"My latest review?” says Justin, “I got — see here? — 71,816 views.”
OMG. He’s right. I’m staring at his phone. It shows stats from Yelp. He’s a Yelper. Has reviewed about 200 places he’s eaten at around town.
“Now I’m one of the elite reviewers at Yelp,” he says. “You get a bunch of privileges, like invites to happenings at restaurants. It’s cool.”
We’re standing beside Tacos El Rorro, this food truck here at Market and 12th. I’ve been listening to him reel off a string of to-go orders to the guy in the window. Fish tacos, gobernador, ceviche de camarón, on and on.
So I had to ask him. “You know this food truck’s good?”
“If you believe Yelp. Check this out.”
And he flips to testimonials, most really positive.“The chicken and carne asada tacos are great!” “Best place to eat tacos.”
Hmm... I’d never intended to end up at a traditional Mexican food truck this night.
Actually, I’d come to East Village to check out Común Kitchen. Happy hour, hopefully. This was chef Chad White’s Baja-Med place at Tenth and J. I’ve always been interested in the Baja-Med idea. But guess what? Común was closed. Permanently. Guess I’m the last to know.
But it’s not the first Baja-Med place to close. I stood there thinking: What has happened to the Baja-Med revolution? The idea is beautiful: Baja veggies and seafood and meat meets Mediterranean olive oil culture meets Asian touches like lemongrass. Basically, you don’t fly stuff in. You use what grows in the region. Catch it in the morning, cook it at night.
But look at Baja-Med’s wreckage: Miguel Angel Guerrero’s El Colegio in TJ? Bust. Chad White’s TJ place in the old La Especial space on Revolución Avenue? Not happening. And now his Común tavern-eatery here in East Village bites the dust.
Why? Too expensive? Too chi-chi for food we’ve been trained to love partly because it’s cheap and cheerful?
The news isn’t bad for everybody: Remember Guillermo “Oso” Campos Moreno’s incredible Kokopelli food cart and now restaurant in TJ? They’re going from strength to strength. And Javier Plascencia’s Romesco Mexiterranean Bistro in Bonita is alive and well. And in Little Italy he’s just opened the ambitious multi-floor Bracero Cocina.
But still, Común’s closure? I’m all shook up. I mean, this region’s biggest food revolution ever, losing its traction?
So, I was making my way back toward Market when I noticed the Tacos El Rorro truck, parked on the gravel in Quartyard’s space, lights blazing, open for business. I suddenly wondered: How different is the traditional tacos and tortas cooking from the new wave of Baja-Med?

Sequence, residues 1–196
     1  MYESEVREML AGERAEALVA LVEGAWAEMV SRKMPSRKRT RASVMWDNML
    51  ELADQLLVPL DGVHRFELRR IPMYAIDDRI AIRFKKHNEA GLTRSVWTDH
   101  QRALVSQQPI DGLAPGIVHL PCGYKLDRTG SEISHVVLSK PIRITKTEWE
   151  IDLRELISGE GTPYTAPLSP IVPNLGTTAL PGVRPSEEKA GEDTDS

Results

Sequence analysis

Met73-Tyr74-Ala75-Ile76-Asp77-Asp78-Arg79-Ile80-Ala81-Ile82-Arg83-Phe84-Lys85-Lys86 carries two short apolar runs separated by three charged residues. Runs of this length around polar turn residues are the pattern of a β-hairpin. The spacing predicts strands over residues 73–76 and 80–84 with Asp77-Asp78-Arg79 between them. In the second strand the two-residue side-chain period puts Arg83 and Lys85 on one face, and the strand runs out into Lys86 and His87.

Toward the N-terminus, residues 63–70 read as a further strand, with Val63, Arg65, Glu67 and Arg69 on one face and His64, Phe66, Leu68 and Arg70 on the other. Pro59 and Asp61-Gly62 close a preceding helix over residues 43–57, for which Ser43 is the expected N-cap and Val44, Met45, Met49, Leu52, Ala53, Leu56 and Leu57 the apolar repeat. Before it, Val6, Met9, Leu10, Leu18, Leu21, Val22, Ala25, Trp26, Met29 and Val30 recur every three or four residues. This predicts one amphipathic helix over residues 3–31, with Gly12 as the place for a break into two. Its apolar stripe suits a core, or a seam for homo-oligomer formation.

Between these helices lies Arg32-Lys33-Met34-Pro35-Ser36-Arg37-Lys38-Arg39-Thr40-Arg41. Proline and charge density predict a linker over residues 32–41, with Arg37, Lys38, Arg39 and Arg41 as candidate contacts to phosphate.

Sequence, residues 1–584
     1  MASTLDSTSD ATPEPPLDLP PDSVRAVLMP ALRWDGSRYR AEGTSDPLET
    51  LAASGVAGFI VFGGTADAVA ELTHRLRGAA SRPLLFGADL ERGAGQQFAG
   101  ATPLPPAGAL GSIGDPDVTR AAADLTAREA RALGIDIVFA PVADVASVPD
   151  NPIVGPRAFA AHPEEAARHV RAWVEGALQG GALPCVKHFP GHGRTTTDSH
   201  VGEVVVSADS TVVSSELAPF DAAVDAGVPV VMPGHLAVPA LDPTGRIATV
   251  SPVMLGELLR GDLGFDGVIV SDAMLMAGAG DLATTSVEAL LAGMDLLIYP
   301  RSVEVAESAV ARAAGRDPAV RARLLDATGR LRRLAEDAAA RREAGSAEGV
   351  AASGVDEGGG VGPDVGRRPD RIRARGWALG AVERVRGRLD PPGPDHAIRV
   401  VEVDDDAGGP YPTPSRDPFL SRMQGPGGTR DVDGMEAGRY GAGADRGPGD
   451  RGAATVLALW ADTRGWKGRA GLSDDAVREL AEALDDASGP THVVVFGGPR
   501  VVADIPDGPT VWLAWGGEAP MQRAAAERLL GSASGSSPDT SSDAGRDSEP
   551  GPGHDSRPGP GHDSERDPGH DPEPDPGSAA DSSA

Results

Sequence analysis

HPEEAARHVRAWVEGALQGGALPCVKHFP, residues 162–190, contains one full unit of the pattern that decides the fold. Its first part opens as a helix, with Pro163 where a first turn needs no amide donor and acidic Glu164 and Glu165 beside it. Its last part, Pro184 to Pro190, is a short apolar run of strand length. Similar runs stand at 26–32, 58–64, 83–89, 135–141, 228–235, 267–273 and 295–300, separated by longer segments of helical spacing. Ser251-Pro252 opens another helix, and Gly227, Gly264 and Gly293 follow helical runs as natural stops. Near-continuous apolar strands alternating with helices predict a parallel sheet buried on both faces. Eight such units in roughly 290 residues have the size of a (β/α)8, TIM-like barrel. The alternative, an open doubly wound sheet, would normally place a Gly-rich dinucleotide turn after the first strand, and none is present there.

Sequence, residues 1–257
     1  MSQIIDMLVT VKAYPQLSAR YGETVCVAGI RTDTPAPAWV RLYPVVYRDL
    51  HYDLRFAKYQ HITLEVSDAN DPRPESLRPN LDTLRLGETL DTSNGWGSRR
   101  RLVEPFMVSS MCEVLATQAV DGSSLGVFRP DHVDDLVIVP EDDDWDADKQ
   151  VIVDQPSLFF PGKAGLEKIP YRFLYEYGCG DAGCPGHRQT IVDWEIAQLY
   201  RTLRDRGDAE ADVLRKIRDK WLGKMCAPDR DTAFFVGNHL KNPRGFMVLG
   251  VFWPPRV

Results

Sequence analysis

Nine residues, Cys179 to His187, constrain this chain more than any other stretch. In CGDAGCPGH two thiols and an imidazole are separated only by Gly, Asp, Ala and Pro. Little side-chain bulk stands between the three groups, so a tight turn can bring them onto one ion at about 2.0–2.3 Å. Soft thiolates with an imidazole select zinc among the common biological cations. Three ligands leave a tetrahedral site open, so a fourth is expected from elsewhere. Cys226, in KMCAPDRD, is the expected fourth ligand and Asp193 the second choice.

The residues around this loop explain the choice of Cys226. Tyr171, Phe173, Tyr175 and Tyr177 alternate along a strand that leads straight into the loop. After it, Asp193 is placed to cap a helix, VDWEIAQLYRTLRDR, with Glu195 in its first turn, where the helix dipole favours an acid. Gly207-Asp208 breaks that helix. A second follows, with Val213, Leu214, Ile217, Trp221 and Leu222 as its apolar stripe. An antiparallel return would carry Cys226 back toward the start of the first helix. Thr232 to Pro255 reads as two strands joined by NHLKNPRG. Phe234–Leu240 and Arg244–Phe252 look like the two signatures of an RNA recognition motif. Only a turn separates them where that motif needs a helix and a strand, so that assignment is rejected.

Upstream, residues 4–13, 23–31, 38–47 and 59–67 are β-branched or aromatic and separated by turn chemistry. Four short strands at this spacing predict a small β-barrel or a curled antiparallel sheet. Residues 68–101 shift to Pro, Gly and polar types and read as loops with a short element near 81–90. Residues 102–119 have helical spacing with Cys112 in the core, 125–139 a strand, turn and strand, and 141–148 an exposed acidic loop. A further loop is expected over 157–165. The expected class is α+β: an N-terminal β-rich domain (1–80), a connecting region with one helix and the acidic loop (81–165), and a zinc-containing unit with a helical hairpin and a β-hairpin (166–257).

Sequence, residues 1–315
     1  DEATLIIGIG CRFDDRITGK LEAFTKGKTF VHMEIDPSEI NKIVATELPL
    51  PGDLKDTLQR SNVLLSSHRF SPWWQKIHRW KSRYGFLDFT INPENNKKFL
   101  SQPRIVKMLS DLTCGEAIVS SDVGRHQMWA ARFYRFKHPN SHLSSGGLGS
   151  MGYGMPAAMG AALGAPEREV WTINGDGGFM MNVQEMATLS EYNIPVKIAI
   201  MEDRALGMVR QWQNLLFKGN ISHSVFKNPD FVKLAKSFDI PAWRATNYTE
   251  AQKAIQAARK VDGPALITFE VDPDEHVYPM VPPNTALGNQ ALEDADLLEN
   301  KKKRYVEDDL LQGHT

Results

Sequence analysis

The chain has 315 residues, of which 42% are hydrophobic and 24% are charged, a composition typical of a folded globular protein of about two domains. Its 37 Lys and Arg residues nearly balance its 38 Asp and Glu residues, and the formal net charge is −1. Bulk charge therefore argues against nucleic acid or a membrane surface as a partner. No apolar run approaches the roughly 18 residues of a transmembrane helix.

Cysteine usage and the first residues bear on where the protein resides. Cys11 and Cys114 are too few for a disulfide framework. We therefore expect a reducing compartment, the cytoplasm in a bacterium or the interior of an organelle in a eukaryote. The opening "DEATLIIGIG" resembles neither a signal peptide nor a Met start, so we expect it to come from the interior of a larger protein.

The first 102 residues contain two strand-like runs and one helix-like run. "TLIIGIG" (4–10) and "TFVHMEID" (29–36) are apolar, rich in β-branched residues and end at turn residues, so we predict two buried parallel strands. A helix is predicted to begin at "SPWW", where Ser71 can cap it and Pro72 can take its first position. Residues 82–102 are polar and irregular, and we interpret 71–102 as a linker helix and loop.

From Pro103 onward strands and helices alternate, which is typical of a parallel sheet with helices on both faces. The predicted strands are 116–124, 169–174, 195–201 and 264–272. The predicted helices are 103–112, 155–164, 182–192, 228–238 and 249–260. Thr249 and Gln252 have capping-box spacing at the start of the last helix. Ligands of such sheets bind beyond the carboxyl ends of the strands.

And actually, when I saw Justin looking at El Rorro’s, I thought he was Chad White. The beard, the big bluff face looked just like the famous chef.
He was sure picking a lot of items.
“I just eat one meal a day,” he says. “But I make it a good one. Besides, I’m ordering for my lady, too.”
What the heck. I start checking out the menu. Basic deal seems to be tacos, $2.50–$4 each. “Pescado” are three for $8. Grilled shrimp go two for $8. Regular meat tacos, like carne asada or adobada are three for $8. Fish ceviche tostadas $6. A big burro (no wimpy burritos here) goes for $8 or $10, depending on how much you can handle. Same for the chicharrón (pork rinds) burro with chorizo.
Rolando, the guy in the truck, is on the phone when I step up. “Yes, Rorro,” he’s saying. “I’ll call you right back. I promise.”
“That’s my son, Rorro. Rolando. He’s five years old. The truck’s named after him.”
I end up ordering a lot, too, because this is for Carla as well. I get a fried fish taco, a gobernador (with shrimp, cheese, veggies), and camarón a la plancha (grilled shrimp taco). And, heck, a shrimp ceviche tostada. Not so cheap at $8, but it’s a big polystyrene box filled with lemon and spiced chunks of shrimp, plus tomato and other veggies, and three large disks of crackling corn tortilla.
My favorite? All the complex flavors in the gobernador are great, but the grilled shrimp taco wins out. It comes with a nice creamy garlicky sauce and lots of fresh-cut lettuce, tomato, onion. And best of all, the shrimp are fat, juicy, and with an edge of sautéed crispiness.
“Ocean,” says Rolando. “The shrimp are from the ocean, not farmed. And my wife and I made all the recipes. Guadalajara recipes.”
Rolando crossed the border when he was 14. Left his family in Puebla state. Started working for landscaping companies in Fresno. Then began washing dishes in different taco joints, until, just three months ago, he and his wife Martha launched this food truck. And here’s the funny thing I suddenly realized: You don’t see many Mexican food trucks on the move, at least in San Diego County. “I think we’re the only one,” says Rolando.
Now, he’s about to make his next big move, actually buying a food truck. He rents this one. That will mean $20,000 down, $80,000 or more altogether. “That’s if the bank will lend,” he says. “It’s a big chance.”
So, Baja-Med? Well, maybe we had it all along. Because this is fresh, unprocessed, local produce, and the corn tortillas have the roughness of the home-made. Baja-Med? I dunno, but it’s for sure Baja authentic.
Justin’s collecting all his bags of food.
“Gonna write a review on Yelp?” I ask.
He smiles, like “Is there a bull moose in the north woods?”
The Place: Tacos El Rorro, 975 Broadway, Chula Vista, between Arizona Street and Moss Street, where truck’s set up in semi-permanent location, 619-721-0993. Check Facebook.
Hours: 11 a.m.–10 p.m., daily; Sundays, 11 a.m.–3 p.m.
Prices: Fish tacos, 3 for $8; shrimp tacos, 2 for $8. Grilled shrimp, 2 for $8; regular meat tacos (e.g., carne asada or adobada), 3 for $8; fish ceviche tostada, $6; burro, $8 small, $10 large; chicharrón (pork rind burro or torta) with chorizo, $8 or $10; gobernador (taco with shrimp, cheese, veggies), 2 for $8; grilled shrimp taco, 2 for $8; shrimp ceviche tostada, $8.00; mulitas, $4.50, 2 for $8
Nearest bus stop: Broadway and Moss